I know adults mean well when they ask: “what do you want to do when you’re older?” But it’s a bit of a dumb question.
Ironically, however sure you may be at 18 that when you’re older you want to be Superman (or Cinderella), you can’t possibly know that…until you are older and figure out that the glasses would look better stamped on and those high heels are impossible to walk in every day. In which case how could you reliably choose what subjects you want to do at school, or even at degree level?
A study just published by an alliance of education organisations asked 11,800 young people in the UK aged between 13 and 18 what they wanted to do when they grew up. Apparently, these young people took it more seriously than the census because nobody said they wanted to be a Jedi, but they also had no sense of realism or knowledge about what sort of careers are actually out there.
Disregarding the exceptional, most kids of 13 or 14 think that a career is what people do on TV, or what mum and dad do when they’re not nagging you to stop watching TV. Shockingly, the most popular ambition was to be an actor/actress, though lawyer, police officer, doctor, sportsperson and teacher ranked pretty high too. As kids get older, ambitions get a bit more realistic – teacher, psychologist, accountant, police officer, lawyer, IT consultant….etc.
But the big problem: “career aspirations of teenagers at all ages can be said to have nothing in common with the projected demand for labour in the UK between 2010 and 2020.” Basically, 21 per cent of young people want to be in 2.4 per cent of the labour market, which essentially means that almost 9 out of 10 people will be disappointed.
Sorry Chuck, you can’t be an astronaut.
But I really don’t think this is as big a problem as the report suggests. Disappointment (and dealing with it) is part of life and frankly the world would be a better place if everybody worked in customer service at some point in their lives. If anything, they would learn to complain without throwing a hissy fit.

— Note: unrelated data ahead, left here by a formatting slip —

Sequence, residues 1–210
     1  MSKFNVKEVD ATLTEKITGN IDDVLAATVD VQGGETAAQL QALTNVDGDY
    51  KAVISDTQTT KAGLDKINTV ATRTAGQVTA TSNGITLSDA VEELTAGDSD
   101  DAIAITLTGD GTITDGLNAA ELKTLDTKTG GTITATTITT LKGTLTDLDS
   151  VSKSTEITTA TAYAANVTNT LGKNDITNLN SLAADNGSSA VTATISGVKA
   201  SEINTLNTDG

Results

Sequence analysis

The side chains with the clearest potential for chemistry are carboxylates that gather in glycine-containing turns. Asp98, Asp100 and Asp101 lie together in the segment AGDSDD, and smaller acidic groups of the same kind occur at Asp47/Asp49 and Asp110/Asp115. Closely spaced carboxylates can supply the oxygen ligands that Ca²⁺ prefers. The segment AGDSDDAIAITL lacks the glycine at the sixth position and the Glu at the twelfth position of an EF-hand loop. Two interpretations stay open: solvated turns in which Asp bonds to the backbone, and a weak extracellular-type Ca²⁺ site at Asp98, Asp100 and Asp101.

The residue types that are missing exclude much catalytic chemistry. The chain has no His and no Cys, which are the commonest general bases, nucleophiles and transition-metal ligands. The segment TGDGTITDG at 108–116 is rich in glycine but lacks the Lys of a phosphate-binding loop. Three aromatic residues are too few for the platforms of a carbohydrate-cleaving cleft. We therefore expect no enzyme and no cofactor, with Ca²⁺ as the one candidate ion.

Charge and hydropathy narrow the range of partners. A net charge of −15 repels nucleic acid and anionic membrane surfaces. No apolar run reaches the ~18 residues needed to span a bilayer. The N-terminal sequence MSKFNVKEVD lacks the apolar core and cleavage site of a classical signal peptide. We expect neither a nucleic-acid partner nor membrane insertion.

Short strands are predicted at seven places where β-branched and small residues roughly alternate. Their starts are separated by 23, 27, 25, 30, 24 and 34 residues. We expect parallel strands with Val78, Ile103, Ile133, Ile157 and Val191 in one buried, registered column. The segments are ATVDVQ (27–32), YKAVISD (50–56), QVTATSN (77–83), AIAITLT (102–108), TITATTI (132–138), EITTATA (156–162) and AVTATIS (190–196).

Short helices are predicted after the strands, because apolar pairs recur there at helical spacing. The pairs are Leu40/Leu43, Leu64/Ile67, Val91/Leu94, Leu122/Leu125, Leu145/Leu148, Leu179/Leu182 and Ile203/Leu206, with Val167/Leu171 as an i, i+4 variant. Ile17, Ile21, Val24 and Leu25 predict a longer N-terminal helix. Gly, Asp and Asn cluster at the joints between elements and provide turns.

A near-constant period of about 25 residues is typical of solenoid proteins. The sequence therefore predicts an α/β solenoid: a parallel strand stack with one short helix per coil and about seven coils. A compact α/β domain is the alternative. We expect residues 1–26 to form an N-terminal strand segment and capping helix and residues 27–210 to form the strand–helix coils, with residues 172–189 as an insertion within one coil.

On a more serious note, there are plenty of jobs around today that did not even exist 10 years ago. Forbes put together a little list. Number one? App developer. To give you an idea of how successful you can be, Apple paid out $5bn (£3.3bn) to app developers last year.
My point is that it doesn’t matter what we want to do when we are at school. It probably won’t happen. And that’s ok. Your working life will likely be somewhere between 50 and 60 years. There’s plenty of time to change you mind.
The biggest tragedy is not that expectations are mismatched. It’s that schoolchildren and undergraduates are required to choose what they want to do with life before they are ready to choose what they want to do with life.
If this study’s authors want to tackle unrealistic expectations, they would do better not to keep asking.
Bottom line: sometimes it’s better not to know what you want to do. Sometimes it doesn’t matter.